Reel time for Super Heroes

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Reel time for Super Heroes

The world of the comic book has invaded all popular fiction, TV and the movies

By Vir Sanghvi

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Published: Fri 31 Oct 2014, 2:11 PM

Last updated: Tue 7 Apr 2015, 10:56 PM

Smallville

Smallville

So the Flash has his own TV show (again)! I’m writing this from New York and the streets are full of buses and taxis adorned with posters for the new show. As of this writing, they’ve only aired three episodes but the response has been uniformly positive. The chances are that this version of The Flash on TV will last — unlike the 1990 Flash series which was cancelled after one season.

And the Flash is not alone. Green Arrow continues to haunt our screens in Arrow. A new show called Gotham premiered this season and deals with Batman’s city before Batman turned up (like Smallville dealt with Clark Kent before he became Superman). A new Supergirl series is in the works. Constantine, based on the DC character, is on US TV now.

Then there’s the new Batman versus Superman movie (with Henry Cavill reprising his Superman and Ben Affleck playing Batman) which should be out next year or so. They are talking about a Justice League movie to take on The Avengers. And a new Green Lantern, perhaps?

Marvel is in full flow. Robert Downey Jr has suggested that Iron Man will be back in his own movie. Captain America has fought The Winter Soldier. Scarlett Johansson is talking about a full movie for her Avengers character. Agents of S.H.I.E.L.D. graces our TV screens. The Guardians got their own picture.

What is going on? Has the world of the comic book invaded all popular fiction, TV and the movies? I’m beginning to think it has.

It was okay in the beginning. Batman and Superman are two of the greatest heroes in the comic pantheon, have had successful TV shows of their own (Superman in the Fifties, Batman in the Sixties), and so it made sense when they hit the big screen. But I’m guessing that the real breakthrough came with Iron Man, who was never one of Marvel’s A-list characters. Nobody was surprised when Spiderman got his own franchise and various actors and directors have tried to make The Hulk come to life. But nobody imagined that the Iron Man movies would make so much money.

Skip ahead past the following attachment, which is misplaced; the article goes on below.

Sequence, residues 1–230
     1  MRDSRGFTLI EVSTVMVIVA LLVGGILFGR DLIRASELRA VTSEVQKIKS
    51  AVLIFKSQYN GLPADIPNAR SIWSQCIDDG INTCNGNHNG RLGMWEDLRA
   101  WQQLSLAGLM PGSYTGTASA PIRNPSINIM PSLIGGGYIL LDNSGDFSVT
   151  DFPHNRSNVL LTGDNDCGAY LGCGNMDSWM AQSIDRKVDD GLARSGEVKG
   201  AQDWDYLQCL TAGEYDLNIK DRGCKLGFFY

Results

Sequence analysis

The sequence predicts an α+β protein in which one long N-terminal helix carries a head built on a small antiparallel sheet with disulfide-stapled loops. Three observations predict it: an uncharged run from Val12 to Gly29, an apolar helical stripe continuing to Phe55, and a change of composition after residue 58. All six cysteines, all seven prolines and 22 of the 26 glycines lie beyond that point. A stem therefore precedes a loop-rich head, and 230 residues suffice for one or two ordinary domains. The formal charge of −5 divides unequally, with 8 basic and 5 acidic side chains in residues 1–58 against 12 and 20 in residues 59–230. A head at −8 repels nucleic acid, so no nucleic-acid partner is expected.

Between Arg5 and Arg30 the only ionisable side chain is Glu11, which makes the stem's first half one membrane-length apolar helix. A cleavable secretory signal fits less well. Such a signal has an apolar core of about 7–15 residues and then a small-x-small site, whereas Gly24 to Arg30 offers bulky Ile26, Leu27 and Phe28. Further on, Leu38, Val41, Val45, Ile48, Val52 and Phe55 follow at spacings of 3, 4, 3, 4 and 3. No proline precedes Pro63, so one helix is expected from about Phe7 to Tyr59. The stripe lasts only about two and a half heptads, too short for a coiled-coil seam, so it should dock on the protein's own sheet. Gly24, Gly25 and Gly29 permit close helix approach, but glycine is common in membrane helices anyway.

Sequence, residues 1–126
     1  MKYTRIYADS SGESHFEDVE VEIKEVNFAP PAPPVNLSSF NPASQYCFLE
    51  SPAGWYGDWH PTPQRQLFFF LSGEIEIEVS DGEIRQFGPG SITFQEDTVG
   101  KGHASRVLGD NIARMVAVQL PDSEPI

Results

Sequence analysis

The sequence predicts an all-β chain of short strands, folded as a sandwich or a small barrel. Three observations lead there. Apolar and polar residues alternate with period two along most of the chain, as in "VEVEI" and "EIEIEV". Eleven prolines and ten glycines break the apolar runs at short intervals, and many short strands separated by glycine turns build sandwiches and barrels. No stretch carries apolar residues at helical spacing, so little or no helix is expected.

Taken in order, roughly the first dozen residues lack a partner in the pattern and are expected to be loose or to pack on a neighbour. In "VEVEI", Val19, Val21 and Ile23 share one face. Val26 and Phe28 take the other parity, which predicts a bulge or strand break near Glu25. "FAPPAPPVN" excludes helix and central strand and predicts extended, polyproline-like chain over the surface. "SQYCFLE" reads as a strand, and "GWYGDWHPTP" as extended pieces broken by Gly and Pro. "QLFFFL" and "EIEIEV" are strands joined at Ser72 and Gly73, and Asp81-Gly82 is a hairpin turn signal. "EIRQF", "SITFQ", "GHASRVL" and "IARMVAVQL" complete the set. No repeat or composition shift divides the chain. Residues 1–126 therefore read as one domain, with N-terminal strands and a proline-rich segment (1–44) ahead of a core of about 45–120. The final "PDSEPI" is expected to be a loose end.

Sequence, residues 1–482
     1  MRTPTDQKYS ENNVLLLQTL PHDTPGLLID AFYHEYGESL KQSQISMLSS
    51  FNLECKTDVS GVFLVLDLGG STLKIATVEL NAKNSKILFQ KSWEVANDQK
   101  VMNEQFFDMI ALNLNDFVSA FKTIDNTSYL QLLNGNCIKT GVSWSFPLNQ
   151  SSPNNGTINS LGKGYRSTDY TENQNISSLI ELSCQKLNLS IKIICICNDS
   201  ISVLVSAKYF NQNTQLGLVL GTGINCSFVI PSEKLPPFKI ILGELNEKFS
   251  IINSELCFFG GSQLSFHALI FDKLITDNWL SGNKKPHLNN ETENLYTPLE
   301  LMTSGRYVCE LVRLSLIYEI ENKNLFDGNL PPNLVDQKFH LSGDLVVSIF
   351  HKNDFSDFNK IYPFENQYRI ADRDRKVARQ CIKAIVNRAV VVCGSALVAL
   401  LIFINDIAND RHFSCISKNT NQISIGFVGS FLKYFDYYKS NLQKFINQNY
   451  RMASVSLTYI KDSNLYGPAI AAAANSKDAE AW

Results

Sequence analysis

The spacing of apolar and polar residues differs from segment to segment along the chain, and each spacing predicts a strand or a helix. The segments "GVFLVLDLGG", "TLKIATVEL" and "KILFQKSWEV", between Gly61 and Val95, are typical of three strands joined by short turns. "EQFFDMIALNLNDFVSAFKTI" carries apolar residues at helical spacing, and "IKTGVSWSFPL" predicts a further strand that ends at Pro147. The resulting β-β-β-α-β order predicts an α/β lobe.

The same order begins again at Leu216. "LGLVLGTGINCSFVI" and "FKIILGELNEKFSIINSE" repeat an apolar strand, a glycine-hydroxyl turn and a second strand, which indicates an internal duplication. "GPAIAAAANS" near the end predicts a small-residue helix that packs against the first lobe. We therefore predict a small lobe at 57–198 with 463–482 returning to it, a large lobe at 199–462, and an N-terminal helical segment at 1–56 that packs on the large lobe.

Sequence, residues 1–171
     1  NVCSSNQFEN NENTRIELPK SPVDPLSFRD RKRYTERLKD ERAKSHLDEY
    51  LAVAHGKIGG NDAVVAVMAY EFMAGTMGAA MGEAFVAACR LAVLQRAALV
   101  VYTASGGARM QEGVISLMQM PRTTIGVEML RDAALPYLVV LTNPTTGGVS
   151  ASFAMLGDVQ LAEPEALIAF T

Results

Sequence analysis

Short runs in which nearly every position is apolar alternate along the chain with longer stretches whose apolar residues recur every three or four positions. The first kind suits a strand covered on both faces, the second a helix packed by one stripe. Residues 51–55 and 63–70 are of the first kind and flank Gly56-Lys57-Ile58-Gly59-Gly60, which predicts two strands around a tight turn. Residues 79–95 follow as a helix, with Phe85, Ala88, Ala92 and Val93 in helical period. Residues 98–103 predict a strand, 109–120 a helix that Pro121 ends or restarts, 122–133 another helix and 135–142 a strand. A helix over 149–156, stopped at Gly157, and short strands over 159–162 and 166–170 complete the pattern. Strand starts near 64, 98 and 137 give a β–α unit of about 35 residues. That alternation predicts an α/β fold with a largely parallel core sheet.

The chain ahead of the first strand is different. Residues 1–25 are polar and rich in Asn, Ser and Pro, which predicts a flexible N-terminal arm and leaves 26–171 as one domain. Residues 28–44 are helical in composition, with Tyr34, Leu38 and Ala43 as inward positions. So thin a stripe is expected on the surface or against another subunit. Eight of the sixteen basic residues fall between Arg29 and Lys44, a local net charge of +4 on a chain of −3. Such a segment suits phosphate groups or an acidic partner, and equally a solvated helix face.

Since then, producers have been searching for other superheroes who can get their own franchise (Thor, Captain America, and even Green Lantern). Experience has shown that with the right casting and expensive special effects, any superhero movie can become a money-spinner.

But the TV breakthrough was Smallville. The likes of DC and Marvel decided that they were not going to waste their major characters on TV. So Smallville, which was set in the Superman universe but had no Superman demonstrated that you could make 
superhero shows for TV in a scaled-down version. The second break-through was Arrow because it kept the Oliver Queen character but changed the name of the hero and his costume. By setting the story in a (sort of) realistic setting, Arrow re-invented his superhero TV show.

I have yet to see the new Flash show but it is made by the team behind Arrow and, no doubt, they will update the character for today’s audiences.

But there is a larger question here. Sales of comics are at a historic low. So why do the comic book heroes still continue to flourish?

My answer is that the heroes have transcended the medium that created them. The comic book is a medium in the slide. (I knew the end was nigh when people started using that idiotic term ‘graphic novel’.) But the heroes have a life of their own. Nobody who saw the Tarzan movies bothered to read the books. Similarly, James 
Bond movies fans will find the Ian Fleming books boring. Likewise with Sherlock Holmes.

Once great fictional characters are created, they can move from medium to medium depending on public tastes and preferences. So even if comics are dying, there are other media: TV, movies, games, etc. And the heroes will flourish.

Speaking for myself though, I think that the movies, with their big budgets and special effects are the right medium for superheroes. So, good luck to The Flash. But I’m going to wait for the Batman-Superman movie.



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